The polemics by the politicians is more than disheartening. They are disgusting. The reversal of over 50 years of policy which was deeply debated for a long period of time is disheartening. The concept of personal control over one’s medical choices is a cornerstone not simply for abortion rights but also for many other areas. This is forgotten in the insidious insincerity of invectives thrown about in the debate over Roe v. Wade. Let’s hope the premature release of a “draft” statement was a “draft” by one group and that there are other “drafts” still under consideration by the U.S. Supreme Court so that they can stand as a court rather a small group of politicians – which we all increasingly have less respect for their role in society.
Righting The Wrongs – On May 7th, the American Medical Association celebrated its 175th anniversary. In an article on the “voice of medicine”, James Madara, MD, CEO and Executive Vice President of the association highlighted the many contributions the AMA has made over the years toward fostering a better health care system. In particular, Dr. Madara points to the Code of Ethics promulgated by the AMA as a source for facilitating the improvement of the profession and medicine, in general over the many decades. In fact, given the current anticipation related to the U.S. Supreme Court decision on abortion rights, you may want to consider a review of reproductive rights set by the AMA. But, just as importantly, Madara points to the wrongs which were promulgated by the AMA including the banning of women and Blacks from membership. He offered up the following in his article:
As we celebrate the AMA’s many contributions to science and public health, we also recognize that there are periods in our long history that we are not proud of. At the point of our founding, AMA leaders made decisions to exclude women and Black physicians from our ranks, contributing to a health care system today that is plagued by inequities and injustices for patients and physicians alike.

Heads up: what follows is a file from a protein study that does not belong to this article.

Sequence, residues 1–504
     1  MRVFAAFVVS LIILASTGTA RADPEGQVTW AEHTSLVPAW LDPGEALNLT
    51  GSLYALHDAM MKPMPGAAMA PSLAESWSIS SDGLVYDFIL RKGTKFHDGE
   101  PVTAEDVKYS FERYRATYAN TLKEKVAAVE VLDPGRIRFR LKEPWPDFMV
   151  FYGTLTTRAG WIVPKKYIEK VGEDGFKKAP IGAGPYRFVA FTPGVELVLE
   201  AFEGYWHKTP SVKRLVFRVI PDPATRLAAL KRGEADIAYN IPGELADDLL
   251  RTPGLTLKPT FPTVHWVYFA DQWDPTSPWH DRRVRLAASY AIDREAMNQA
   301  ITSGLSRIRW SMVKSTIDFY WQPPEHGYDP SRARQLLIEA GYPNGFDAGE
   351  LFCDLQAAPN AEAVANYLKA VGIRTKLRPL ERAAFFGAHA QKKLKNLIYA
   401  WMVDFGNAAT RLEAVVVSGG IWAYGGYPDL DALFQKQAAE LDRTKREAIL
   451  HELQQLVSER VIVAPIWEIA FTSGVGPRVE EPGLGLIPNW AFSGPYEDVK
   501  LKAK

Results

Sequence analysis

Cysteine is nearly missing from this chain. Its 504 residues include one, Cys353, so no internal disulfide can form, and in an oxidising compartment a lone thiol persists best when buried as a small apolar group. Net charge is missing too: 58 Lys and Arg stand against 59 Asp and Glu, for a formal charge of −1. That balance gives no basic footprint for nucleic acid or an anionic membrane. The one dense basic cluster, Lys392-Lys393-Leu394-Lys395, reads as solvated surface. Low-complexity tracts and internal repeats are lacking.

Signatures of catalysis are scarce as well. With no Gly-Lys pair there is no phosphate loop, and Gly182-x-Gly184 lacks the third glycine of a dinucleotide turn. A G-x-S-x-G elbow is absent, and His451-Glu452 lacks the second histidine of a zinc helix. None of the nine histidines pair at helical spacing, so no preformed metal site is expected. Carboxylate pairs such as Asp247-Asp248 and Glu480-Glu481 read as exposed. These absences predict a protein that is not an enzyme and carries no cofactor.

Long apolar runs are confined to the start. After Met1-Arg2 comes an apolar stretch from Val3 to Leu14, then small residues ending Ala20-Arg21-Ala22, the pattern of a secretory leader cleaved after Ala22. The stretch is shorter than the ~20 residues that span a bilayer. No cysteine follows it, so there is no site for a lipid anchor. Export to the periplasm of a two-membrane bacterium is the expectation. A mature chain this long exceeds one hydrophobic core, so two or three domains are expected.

In 2008, the AMA concluded a three-year study on the racial divide in organized medicine and publicly apologized for our organization’s past discriminatory practices against Black physicians, an effort we called “a modest first step toward healing and reconciliation.” This is a journey of reflection that continues today with an enterprise wide commitment to rectify past wrongs.
None of us are perfect and associations are merely groups of individuals that collectively make bad or incorrect decisions through the lens of time. It is good; however, to fess up when the wrongs are noted. So, I applaud Dr. Madara’s notation of those wrongs which have affected not only the profession but society in general. Actually, the AMA went a couple of steps further in recent weeks with its clear rejection of the “draft” opinion leaked to the public. Gerald Harmon, MD, President of the American Medical Association – in a statement released by the Board of Trustees stated:
"With deliberations underway, we strongly urge the court to reject the premise of the draft opinion and affirm precedent that allows patients to receive the critical reproductive health care that they need," Harmon said. "Allowing the lawmakers of Mississippi or any other state to substitute their own views for a physician's expert medical judgment puts patients at risk and is antithetical to public health and sound medical practice."